Requests for personal funeral rituals increase with growing secularization and the individualization of death. Based on interviews, this article discusses four women's experiences of independently planning and conducting secular memorials and ash disposals. I discuss the role of improvisation in the processes surrounding these rituals. Imagination, invention, improvisation, independence and inspiration emerge as characteristic aspects of their accounts. Due to the atheist beliefs of the deceased, the families have actively distanced themselves from the Church's funeral ritual, and undertakers were not considered helpful. To amend this, the relatives assumed responsibility for planning the secular funerals rather than leaving responsibility to the dominant authorities of death. Arranging memorials and burials without previous experience made the mourners feel insecure, but they also took pleasure in the creativity of the process, through which they created meaningful and deeply personal memorials and ash disposals. The study shows how rituals were (re)created by combining personal details with already established funeral ritual elements, as the mourners both mimicked and actively distanced themselves from existing ritual forms.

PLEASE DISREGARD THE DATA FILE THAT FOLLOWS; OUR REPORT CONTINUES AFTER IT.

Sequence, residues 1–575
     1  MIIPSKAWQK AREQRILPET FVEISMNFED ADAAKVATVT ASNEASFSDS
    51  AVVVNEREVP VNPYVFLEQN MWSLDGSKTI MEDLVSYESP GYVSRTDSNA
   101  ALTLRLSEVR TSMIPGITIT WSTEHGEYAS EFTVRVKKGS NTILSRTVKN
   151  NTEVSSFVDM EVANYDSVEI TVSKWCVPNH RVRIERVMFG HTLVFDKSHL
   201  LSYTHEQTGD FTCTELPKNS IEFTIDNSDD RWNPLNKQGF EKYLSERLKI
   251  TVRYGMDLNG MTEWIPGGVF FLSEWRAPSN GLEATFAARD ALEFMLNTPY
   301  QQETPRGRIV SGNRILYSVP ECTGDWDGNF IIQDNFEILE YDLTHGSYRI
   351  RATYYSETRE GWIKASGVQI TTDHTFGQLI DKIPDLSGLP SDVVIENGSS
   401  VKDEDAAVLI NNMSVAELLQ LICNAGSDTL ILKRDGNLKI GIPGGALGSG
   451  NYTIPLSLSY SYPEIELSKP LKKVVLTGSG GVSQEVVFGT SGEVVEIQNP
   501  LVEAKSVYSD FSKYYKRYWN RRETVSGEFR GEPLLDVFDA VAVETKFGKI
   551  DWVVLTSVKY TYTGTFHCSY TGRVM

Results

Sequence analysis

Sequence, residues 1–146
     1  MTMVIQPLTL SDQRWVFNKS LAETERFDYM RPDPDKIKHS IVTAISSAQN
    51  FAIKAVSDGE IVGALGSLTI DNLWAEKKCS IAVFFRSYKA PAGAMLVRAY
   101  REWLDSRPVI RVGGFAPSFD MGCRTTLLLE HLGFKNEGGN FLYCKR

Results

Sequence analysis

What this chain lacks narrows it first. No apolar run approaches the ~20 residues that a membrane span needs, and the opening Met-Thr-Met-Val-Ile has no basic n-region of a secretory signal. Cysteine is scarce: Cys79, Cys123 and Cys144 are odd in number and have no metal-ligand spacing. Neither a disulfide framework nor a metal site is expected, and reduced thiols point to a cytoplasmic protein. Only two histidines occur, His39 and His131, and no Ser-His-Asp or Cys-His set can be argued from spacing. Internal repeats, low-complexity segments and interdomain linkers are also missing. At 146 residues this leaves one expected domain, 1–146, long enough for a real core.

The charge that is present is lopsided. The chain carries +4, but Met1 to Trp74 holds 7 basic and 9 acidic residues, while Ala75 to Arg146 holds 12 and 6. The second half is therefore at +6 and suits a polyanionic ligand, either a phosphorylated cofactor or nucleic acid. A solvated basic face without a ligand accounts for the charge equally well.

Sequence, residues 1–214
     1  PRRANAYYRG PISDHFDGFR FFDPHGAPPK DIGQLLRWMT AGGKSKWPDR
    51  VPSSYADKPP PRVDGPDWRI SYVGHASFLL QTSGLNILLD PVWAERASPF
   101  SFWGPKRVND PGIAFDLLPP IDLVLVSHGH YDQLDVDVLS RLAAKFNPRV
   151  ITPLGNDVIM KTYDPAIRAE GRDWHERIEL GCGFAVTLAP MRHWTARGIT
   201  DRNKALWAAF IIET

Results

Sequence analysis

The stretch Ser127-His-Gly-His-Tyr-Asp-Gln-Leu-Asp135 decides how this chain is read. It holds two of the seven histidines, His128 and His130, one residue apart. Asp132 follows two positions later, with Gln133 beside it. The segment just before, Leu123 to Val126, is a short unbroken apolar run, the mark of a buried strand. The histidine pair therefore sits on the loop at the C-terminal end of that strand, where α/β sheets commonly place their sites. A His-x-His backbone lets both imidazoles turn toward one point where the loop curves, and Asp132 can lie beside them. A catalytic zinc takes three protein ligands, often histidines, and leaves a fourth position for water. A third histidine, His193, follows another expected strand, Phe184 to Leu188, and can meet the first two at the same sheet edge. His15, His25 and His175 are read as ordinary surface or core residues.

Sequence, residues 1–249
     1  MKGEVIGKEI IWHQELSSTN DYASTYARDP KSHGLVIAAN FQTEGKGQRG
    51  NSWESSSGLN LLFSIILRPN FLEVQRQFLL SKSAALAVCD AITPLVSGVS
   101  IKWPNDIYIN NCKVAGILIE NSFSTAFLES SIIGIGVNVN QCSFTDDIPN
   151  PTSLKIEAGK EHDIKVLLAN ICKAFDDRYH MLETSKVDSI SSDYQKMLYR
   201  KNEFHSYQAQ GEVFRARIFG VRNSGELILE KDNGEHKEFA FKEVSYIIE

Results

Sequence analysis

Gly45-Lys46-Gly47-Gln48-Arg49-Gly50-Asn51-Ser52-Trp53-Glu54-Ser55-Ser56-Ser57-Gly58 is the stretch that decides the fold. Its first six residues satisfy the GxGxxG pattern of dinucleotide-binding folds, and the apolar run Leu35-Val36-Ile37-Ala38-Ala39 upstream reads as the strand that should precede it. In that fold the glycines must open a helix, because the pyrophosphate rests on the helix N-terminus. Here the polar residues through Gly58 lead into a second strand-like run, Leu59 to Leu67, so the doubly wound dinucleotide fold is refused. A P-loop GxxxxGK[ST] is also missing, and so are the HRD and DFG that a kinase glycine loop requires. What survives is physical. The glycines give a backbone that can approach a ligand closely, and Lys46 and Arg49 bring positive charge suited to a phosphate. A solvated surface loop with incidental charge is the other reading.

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Opphavsrett 2021 Hanna Jansson